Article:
Benign Paroxysmal Positional Vertigo (BPPV)

Getting spells of dizziness associated with turning your head and wondering if it might be BPPV?

BPPV usually starts between the ages of 40 and 60 and is more common in women.

It is sometimes associated with Meniere’s disease and may be a symptom associated with head injury.


Dizziness when moving head – eg lying down, sitting up, rolling over in bed, leaning forwards.

Often symptoms are worse when the head is tilted to one side and often worse in the mornings.

Attacks come on suddenly and last 20-30 seconds.

Attacks settle quickly if the head is kept still although light-headedness and imbalance may occur and last for up to a few hours.

It is common to feel sick but rare to actually vomit.

Hearing is not affected and there is no ringing in the ears.

Assessment and Treatment

Here at Ashbourne Physiotherapy and Sports Injuries Centre, we have our specialist physio Lucy who takes a special interest in the assessment and treatment of dizziness symptoms.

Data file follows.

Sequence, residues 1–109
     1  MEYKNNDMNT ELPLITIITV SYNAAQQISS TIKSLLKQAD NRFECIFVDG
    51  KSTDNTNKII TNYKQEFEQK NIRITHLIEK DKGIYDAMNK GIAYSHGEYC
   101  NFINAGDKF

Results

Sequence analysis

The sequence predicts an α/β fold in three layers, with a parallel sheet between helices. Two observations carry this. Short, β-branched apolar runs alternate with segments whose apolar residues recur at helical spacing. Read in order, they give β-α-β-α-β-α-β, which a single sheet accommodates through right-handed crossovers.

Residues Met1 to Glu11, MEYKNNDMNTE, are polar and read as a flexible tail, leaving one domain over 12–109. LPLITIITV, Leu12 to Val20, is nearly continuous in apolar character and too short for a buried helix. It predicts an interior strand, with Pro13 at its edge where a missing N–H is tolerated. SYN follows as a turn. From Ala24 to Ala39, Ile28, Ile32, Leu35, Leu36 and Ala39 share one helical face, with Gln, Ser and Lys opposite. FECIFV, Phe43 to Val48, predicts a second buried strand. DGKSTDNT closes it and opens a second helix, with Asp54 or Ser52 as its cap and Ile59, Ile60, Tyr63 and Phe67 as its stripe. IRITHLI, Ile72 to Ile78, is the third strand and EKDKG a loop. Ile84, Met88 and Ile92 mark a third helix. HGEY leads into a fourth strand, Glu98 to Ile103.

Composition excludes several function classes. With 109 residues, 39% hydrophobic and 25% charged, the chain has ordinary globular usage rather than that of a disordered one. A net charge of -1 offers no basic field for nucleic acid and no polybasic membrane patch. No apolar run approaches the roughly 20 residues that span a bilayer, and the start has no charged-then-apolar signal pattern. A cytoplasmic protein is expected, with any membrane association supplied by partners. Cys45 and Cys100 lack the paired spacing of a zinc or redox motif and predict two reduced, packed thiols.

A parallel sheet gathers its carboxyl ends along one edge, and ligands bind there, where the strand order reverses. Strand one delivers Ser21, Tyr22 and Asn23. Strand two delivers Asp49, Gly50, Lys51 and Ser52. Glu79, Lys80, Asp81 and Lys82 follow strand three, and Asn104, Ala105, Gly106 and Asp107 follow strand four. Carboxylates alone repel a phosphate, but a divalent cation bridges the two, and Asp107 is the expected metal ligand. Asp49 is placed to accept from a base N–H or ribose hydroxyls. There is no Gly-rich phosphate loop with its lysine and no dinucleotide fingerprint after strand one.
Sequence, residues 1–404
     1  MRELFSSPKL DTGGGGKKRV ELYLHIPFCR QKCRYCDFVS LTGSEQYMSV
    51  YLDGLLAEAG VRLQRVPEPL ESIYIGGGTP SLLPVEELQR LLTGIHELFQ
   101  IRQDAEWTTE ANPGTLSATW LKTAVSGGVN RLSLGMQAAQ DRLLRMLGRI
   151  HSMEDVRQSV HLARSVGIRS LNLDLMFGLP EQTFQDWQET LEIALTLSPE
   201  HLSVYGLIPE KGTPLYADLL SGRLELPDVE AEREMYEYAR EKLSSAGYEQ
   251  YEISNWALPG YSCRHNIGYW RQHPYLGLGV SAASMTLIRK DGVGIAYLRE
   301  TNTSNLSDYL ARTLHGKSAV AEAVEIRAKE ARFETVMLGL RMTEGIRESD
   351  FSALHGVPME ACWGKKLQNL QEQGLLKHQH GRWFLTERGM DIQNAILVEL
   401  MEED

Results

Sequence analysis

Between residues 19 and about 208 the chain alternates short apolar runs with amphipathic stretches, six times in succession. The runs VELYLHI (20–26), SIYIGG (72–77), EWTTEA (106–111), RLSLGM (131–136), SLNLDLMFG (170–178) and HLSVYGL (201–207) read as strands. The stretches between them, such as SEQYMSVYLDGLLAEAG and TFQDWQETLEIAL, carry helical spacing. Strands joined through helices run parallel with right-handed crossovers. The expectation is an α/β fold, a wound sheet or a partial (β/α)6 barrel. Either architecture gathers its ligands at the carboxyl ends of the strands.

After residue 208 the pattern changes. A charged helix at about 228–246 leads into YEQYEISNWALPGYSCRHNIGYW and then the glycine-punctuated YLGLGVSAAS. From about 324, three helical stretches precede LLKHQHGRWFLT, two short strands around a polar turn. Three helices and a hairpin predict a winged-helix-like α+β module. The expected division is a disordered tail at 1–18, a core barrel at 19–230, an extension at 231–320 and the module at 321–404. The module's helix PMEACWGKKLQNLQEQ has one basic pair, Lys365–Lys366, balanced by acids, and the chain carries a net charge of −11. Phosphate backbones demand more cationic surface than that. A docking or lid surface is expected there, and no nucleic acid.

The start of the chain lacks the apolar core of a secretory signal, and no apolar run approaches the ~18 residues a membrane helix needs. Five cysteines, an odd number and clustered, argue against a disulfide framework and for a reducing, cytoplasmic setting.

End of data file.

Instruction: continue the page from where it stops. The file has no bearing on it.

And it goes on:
Assessing these problems sometimes results in temporarily bringing on dizziness.

If you are found to be suffering from BPPV, you can be assured that symptoms often resolve on their own within a few weeks.

Meanwhile, movements which elicit dizziness should be avoided where possible and care should be taken that symptoms do not put yourself or others at risk eg when driving or operating machinery and take precautions against falling.

Symptoms may be treated with Epley’s manoeuvre (a specific series of movements  performed by a trained healthcare professional and/or a specific exercise progamme.

In some cases it is appropriate to teach patients to perform a modified Epley’s manoeuvre at home.

Where symptoms do not settle satisfactorily or episodes recur, referral on-wards to a hospital consultant may be required.